Former Democratic Senator Joe Lieberman penned a FOX News op-ed, urging Democratic-controlled Washington to “take a page out of” Governor Hogan’s “playbook” and chose bipartisanship over one party dictating to the other.
While Governor Hogan passed his COVID relief package with near unanimous support from Democrats and Republicans, it now appears the federal COVID relief bill will be passed on a strictly party-line vote.
Maryland’s lessons for DC – this is what working for the common good looks like
The raw emotions from the Jan. 6 Capitol Hill assault and the impeachment hearings seem to have sent Democrats and Republicans in Washington back to their respective corners. It now looks like a COVID-19 relief package will be enacted with mostly (or only) Democratic support.
That has signaled to some that the Democratic and Republican parties are simply too politically and ideologically split to work cooperatively. Inside the Washington Beltway, bipartisan defeatism abounds. But it shouldn’t. You need simply look to what happened recently in Maryland to appreciate what our government could do if our leaders in both parties simply changed their approach to problem solving.
Given the dynamics that exist in Annapolis today, pundits might presume that gridlock was inevitable. Far from being controlled by a single party, the state’s government is split between the two. But faced with the desperate need to provide relief to families and businesses, Maryland’s top leaders refused to let partisanship turn to gridlock.
Republican Gov. Larry Hogan – working with a supermajority Democratic state legislature led by House of Delegates Speaker Adrienne Jones and Senate President Bill Ferguson – signed a bipartisan COVID relief bill into law just weeks after it was first introduced. The bill didn’t just pass overwhelmingly. It passed with nearly unanimous support from Democrats and Republicans.
That reflects a years-long pattern. Instead of sharing Washington’s apparent aversion to two-party solutions, Annapolis has in recent years repeatedly searched for and found common ground.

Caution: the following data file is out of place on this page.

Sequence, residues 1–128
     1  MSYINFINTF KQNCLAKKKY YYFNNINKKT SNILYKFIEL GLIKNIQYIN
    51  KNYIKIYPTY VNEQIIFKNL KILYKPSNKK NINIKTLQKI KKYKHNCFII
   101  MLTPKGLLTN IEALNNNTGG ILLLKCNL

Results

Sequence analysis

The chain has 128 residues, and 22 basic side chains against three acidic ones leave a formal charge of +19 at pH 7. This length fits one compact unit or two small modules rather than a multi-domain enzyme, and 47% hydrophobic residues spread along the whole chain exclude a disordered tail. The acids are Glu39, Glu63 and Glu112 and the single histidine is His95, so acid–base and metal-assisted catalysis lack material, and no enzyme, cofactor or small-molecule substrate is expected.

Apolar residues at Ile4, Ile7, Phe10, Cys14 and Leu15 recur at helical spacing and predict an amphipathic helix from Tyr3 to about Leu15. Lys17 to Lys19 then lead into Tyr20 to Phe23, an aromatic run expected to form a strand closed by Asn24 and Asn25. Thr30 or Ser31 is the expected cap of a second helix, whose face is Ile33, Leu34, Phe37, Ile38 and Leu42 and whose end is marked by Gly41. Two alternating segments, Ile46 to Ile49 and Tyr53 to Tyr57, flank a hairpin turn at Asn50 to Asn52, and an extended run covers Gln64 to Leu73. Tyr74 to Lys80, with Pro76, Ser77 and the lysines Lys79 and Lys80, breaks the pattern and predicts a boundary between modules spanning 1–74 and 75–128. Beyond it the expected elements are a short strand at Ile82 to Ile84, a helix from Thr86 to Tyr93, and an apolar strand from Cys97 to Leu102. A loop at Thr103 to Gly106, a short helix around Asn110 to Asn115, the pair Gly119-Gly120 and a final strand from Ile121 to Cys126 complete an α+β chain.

At the federal level, conventional wisdom holds that Democrats and Republicans can only come together in support of watered-down compromises. But Maryland’s COVID-19 relief package is strong and includes $1.2 billion in spending and tax breaks targeted primarily at those who have been most directly affected by the pandemic.
The plan includes small business relief and improved unemployment benefits. And it makes the state’s Earned Income Tax Credit – a program championed in Washington by Democrats and Republicans alike – the most generous state benefit of its kind in the country.
By Washington’s standard, a package like that is hard to imagine amid circumstances where power is shared between the parties. But Annapolis is not some political utopia.
The legislature’s Democrats do not always see eye-to-eye with Gov. Hogan, and because Democrats hold a strong majority in both chambers, they might well have tried to force him to sign legislation that divided Republicans. But they chose not to.
The governor worked in good faith across the aisle with a commitment to govern for the whole state. Given that dynamic, the two parties were able to come together in common cause for Maryland’s greater good.
But travel 30 miles west to the nation’s capital and the situation is very different.
When Republicans controlled the presidency and both chambers of Congress in 2017, they passed a massive tax cut package without offering an opportunity to Democrats who might have wanted to work toward a compromise. Now that the shoe is on the other foot, Democrats seem to be taking the same approach on COVID-19 relief.
This new normal in Washington is wrong for a number of reasons.
First, it invites the other party to treat you the same way when they’re in power – a vicious cycle. Second, when Democrats need Republican votes in the coming months to pass bills that do not flow through the reconciliation process, the GOP will be less likely to cooperate.
Those two tactical reasons are less important than the third: Choosing not to reach across the aisle precludes the sort of problem solving that Hogan and the Democrats in the Maryland legislature have accomplished.
Time and again, maybe most pointedly in the last election, the American people have expressed their preference for two party solutions – for real, bipartisan problem-solving. And the sizable problems we face as a nation – from social justice to economic growth, from climate change to infrastructure investments, from immigration reform to international trade – demand that open-minded legislators seriously engage ideas from the other side that are offered in good faith.
If state leaders are able to work productively across party lines, elected leaders at the national level can and must do the same. To get there, Washington should take a page out of Annapolis’ playbook and choose bipartisanship.